By PETER JOHN JABAN
COMMENT: Copies of the Sarawak Gazette have gone viral on social media in Sarawak showing that Hajjah Ragad Kurdi Taib, the wife of the current governor, and her two sons are now officially part of the Melanau community. This entitles them to hold native title land in Sarawak and to all the other special considerations afforded the bumiputera in Malaysia despite the fact that none of the three were born in the state or have a Malaysian parent, let alone one with bumiputra status.
This announcement has caused uproar amongst Sarawakians who are questioning the blatant double standard that sees genuine natives remain stateless throughout their lives and long-term spouses of ordinary Sarawakians waiting decades for their approval for even Permanent Residency.
This is why Sarawak 4 Sarawakians and SAS Saya Anak Sarawak are demanding that procedures for both Jabatan Pendaftaran Negara (JPN) and immigration are applied consistently throughout the state, regardless of the connections or perceived social status of the applicant, and that no undue pressure should be put on civil servants in carrying out their duties.
With the issue of statelessness so prominent in Sarawak currently, the lightning approval of citizenship to the Governor’s wife, and thereafter to native status, is simply a slap in the face. If the government is to serve all citizens equally under the law, as is provided for in the Federal Constitution, there must be an end to the case by case basis currently in practice where criteria are not transparent and ministerial discretion prevails, under which decisions to allow citizenship are based on the whim of one person.
There are proper procedures in place to allow these types of applications from spouses, however their success and the speed at which the application is processed seems to depend more on who you are and not on actual entitlement.
In the case of the current governor’s wife, we have a fast-tracked and decidedly suspect approval. This is a woman who was born outside of Malaysia and only married a Malaysian citizen in 2010. Yet, she was seen to vote in the state election of 2015, with a Mykad already issued to her after just 5 years of marriage.
The question must be asked: how did her application jump the queue?
IMMIGRATION AND JPN
There is scope within the law for the spouse of a Malaysian citizen to apply for Permanent Residency status and even for citizenship. Of course, Malaysian citizens should be free to marry whomever they choose and to share their lives together in Malaysia should they wish.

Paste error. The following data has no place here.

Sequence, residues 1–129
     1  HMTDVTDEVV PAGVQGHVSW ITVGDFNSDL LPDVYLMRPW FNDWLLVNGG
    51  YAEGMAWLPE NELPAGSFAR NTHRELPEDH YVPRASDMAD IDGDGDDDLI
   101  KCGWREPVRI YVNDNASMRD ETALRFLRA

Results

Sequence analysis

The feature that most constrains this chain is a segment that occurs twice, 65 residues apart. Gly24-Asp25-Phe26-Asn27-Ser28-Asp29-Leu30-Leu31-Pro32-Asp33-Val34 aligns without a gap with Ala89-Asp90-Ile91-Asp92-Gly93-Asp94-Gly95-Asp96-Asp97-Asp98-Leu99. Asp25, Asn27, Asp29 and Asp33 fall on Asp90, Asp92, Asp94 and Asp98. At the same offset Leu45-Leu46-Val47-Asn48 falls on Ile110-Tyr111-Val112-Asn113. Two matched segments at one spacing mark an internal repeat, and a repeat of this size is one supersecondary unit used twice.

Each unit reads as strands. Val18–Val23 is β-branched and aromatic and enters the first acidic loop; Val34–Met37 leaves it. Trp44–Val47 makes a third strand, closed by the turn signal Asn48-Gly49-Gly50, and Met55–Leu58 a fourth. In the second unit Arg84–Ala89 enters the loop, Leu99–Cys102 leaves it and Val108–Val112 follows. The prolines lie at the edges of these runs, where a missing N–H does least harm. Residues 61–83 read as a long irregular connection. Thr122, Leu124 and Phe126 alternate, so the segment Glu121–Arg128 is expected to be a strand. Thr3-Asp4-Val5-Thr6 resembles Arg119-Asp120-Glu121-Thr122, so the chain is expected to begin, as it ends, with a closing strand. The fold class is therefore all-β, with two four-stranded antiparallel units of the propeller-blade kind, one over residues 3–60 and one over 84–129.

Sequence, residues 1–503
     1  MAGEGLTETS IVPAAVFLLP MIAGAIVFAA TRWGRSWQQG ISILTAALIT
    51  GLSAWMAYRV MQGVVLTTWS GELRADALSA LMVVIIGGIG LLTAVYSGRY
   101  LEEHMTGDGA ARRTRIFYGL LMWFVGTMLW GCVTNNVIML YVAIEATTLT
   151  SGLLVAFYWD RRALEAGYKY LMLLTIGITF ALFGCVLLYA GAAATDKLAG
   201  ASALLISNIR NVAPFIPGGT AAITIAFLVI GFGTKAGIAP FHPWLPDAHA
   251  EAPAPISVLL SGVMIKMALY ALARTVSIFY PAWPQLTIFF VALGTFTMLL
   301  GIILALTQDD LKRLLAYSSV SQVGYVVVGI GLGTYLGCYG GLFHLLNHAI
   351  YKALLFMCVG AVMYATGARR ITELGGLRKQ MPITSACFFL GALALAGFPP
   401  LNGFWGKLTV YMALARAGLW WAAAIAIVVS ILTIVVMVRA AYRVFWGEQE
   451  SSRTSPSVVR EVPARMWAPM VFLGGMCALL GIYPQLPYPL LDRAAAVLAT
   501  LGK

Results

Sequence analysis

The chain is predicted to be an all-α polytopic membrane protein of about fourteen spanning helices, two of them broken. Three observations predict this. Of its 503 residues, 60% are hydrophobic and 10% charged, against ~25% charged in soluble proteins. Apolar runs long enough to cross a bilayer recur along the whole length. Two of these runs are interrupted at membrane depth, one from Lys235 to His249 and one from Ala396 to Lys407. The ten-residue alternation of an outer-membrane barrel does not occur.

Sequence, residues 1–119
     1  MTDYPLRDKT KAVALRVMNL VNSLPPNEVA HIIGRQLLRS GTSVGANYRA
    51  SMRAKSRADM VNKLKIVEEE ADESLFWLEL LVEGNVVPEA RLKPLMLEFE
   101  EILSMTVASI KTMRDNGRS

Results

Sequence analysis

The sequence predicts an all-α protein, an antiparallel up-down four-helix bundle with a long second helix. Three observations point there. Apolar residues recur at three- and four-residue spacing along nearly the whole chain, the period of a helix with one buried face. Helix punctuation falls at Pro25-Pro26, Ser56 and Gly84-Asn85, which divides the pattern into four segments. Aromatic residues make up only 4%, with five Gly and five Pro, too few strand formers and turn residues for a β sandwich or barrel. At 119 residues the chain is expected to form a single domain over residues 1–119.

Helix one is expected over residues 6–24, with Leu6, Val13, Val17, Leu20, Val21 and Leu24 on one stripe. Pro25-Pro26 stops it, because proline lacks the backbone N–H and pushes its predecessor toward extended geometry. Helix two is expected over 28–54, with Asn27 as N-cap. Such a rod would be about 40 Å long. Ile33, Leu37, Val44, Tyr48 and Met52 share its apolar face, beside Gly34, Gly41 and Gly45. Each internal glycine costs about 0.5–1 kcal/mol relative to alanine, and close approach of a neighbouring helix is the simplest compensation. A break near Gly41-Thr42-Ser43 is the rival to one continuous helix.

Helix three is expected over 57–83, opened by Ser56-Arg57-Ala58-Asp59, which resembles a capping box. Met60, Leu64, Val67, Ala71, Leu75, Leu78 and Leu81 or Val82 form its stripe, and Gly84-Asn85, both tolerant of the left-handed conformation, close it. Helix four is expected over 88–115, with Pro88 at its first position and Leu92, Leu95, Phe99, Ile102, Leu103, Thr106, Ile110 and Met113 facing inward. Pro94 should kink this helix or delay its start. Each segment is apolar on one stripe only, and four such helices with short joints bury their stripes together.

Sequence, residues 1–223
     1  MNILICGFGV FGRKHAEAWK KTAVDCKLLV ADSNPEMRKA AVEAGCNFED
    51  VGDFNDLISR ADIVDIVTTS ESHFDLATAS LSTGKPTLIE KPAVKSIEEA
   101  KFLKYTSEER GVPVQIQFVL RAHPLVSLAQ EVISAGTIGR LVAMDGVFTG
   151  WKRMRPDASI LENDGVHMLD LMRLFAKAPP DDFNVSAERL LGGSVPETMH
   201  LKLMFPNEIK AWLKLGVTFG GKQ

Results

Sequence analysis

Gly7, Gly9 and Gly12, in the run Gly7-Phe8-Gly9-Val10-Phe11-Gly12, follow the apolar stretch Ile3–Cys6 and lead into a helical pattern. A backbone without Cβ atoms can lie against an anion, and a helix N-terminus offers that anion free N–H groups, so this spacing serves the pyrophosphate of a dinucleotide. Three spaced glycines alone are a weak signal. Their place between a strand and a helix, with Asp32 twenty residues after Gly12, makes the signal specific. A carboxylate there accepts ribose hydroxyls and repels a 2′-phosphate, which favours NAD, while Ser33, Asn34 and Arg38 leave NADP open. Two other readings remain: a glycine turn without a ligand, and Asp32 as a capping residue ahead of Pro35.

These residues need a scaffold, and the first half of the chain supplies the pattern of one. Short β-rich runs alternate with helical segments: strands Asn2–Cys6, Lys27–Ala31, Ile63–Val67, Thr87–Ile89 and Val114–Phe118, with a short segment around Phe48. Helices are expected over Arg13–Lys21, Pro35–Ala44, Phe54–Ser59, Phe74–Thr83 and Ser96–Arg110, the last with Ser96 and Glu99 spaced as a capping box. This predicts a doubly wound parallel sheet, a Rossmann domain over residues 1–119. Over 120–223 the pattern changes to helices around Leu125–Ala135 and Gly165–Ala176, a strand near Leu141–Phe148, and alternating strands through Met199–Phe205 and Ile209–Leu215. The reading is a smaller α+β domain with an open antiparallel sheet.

However, the standard operating procedure is clear: an application for permanent residency can be made after 5 years of marriage and then, only after 2 years following the granting of PR, can an application be made for citizenship.
Yet we see Ragad with voting rights long before the minimum time period of 7 years, a right denied to thousands of genuine Sarawakians who are without identification documents. In fact, applications for permanent residency from spouses of ordinary citizens commonly take decades to process, leaving couples in limbo for up to 30 years, if not forever.
It is not unknown for spouses to chop in and chop out of the country every 3 months well into their third decade of marriage – an extreme burden on family life and finances. In fact, male spouses are unlikely to ever be approved.
There is also scope within the Native Courts Ordinance to allow applicants to join native communities. However, this must be at the wish of the community in question when the applicant is able to and means to live alongside them. However, applications of this kind to the native courts have been suspended for many years.
In fact, many children of mixed race marriages, for example, have had their applications for bumiputera status left in limbo for many years, unable to inherit their ancestral lands from their mothers.
It is understandable that parents are angered to see their children’s application leapfrogged by a foreign national, who lives a life of luxury in an urban palace with her two children, gaining the right to own community land in a far-off jungle that they rarely visit.
With so much economic benefit potentially following bumiputera and native status in Sarawak, the criteria for these applications must be stringently applied and many Sarawakians, especially members of the Melanau community, are upset that this one has been completed at such extreme haste and under such dubious circumstances.
Malaysian citizenship and especially bumiputera status are extremely valuable, bringing with them rights and also responsibilities to the nation. Of course Sarawakians are angry at the double standard.
This approval, whether legal or not, is seen as simply unfair when we see genuine natives dying stateless, leaving their entire family in limbo; when we see long-term spouses, who join in community life alongside their loved ones, waiting decades for approval; and when we see committed academics, policemen, tour guides and doctors from West Malaysia, who have dedicated years of their life to Sarawak being refused leave to stay in the state where they have built lives when their work contracts run out.
The spirit of the law, applied without fear or favour by a politically independent civil service, must be to promote the good of the nation and this must apply equally to all members of Sarawak society.
• Peter John Jaban, a Human Rights activist with experience helping stateless Sarawakians to apply for their identification documents acts as spokesperson for Sarawak 4 Sarawakians and SAS Saya Anak Sarawak